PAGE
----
It’s one of the smallest things ever made but it promises to revolutionize some of the most important technologies in our lives. It’s a wire as thin as 15 atoms that can make light by itself and behave as a complete electronic device. Such capabilities could lead to new ways to compute, communicate, encode, detect, and identify.
Under the most powerful microscopes, these wires resemble striped poles. Bands of semiconductors that contribute electrons alternate with bands that control the flow of electricity or the emission of a single photon of light. That kind of structure hints at more compact, faster, more energy-efficient computers, and at circuits holding codes virtually impossible to crack. The striped wires might also detect markers for prostate and breast cancer, or quickly detect viruses released by bioterrorists.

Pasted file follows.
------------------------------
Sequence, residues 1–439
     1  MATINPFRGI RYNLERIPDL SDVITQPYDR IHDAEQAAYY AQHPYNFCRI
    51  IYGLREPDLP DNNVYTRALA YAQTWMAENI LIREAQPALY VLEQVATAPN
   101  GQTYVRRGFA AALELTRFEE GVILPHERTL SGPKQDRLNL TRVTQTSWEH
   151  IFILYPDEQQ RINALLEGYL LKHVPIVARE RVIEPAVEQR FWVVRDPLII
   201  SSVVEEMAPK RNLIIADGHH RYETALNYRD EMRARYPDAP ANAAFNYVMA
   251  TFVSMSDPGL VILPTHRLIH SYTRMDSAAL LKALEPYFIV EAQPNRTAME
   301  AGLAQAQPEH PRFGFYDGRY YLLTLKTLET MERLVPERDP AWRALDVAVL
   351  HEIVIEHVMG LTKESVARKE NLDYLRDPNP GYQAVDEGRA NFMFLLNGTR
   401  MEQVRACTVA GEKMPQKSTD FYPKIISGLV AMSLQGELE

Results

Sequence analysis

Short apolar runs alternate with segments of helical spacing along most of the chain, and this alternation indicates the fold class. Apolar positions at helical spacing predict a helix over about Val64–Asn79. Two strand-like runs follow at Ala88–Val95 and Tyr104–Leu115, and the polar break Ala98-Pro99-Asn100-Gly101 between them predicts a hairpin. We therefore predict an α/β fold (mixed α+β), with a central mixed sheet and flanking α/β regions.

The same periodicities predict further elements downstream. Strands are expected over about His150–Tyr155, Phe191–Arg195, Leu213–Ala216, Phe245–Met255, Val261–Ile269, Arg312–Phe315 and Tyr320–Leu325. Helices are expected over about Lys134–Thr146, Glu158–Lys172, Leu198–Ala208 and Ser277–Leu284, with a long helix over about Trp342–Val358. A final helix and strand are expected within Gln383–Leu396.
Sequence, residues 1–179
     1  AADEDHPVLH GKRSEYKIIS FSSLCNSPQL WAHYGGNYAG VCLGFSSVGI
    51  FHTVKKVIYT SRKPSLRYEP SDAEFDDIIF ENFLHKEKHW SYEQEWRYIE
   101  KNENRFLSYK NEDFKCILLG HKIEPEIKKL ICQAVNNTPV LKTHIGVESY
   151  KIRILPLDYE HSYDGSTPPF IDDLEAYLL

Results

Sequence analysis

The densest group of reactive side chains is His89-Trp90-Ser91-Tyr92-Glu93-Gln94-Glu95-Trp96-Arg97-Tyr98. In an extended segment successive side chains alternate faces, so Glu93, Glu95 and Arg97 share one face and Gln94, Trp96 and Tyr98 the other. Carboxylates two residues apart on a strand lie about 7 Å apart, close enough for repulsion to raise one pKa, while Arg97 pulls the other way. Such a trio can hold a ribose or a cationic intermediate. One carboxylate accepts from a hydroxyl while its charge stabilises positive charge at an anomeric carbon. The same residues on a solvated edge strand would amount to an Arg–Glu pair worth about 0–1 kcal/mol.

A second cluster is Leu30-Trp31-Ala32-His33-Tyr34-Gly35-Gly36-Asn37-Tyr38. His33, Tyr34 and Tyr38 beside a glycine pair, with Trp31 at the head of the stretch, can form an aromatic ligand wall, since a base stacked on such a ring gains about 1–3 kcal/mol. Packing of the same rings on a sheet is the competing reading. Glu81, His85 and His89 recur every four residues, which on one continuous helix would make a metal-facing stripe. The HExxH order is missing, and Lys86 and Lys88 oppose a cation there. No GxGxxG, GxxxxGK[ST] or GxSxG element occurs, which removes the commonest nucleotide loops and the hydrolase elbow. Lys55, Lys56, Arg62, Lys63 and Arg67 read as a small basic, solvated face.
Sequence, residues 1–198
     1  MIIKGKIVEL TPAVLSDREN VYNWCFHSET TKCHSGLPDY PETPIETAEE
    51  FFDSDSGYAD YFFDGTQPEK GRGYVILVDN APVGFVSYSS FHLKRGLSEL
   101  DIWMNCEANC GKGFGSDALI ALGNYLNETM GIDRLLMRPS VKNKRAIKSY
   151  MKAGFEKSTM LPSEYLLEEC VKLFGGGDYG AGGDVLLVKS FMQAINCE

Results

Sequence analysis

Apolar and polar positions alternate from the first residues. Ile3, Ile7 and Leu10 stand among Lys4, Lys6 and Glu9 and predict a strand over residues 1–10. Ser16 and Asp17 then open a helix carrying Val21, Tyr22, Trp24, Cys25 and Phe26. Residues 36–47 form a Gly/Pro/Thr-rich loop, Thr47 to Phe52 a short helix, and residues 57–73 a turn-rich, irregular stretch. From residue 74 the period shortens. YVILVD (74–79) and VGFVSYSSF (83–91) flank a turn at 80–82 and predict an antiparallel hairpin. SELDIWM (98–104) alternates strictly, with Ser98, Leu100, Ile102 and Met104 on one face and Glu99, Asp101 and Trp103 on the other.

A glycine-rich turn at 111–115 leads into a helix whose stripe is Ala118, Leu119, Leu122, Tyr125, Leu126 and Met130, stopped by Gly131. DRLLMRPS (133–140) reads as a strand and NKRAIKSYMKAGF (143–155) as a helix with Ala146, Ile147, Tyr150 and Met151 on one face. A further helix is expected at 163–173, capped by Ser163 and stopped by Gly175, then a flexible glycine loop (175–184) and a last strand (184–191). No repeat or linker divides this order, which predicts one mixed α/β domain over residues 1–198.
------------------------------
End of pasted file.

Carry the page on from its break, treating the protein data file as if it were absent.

“These nanowires enable us to combine materials we could never combine before,” says Charles Lieber, Hyman Professor of Chemistry and leader of a Harvard University group that has pioneered the making of nanodevices. The size of such devices is measured in billionths of a meter; a thickness of one nanometer equals about 10 atoms; 50 nanometers are roughly the size of a virus.
“The new combinations give us unique handles we can grab to organize matter into different structures that enable us to perform functions out of reach before,” Lieber continues. “There are so many potential uses for this technology that we feel like kids in a candy shop.”
Little is big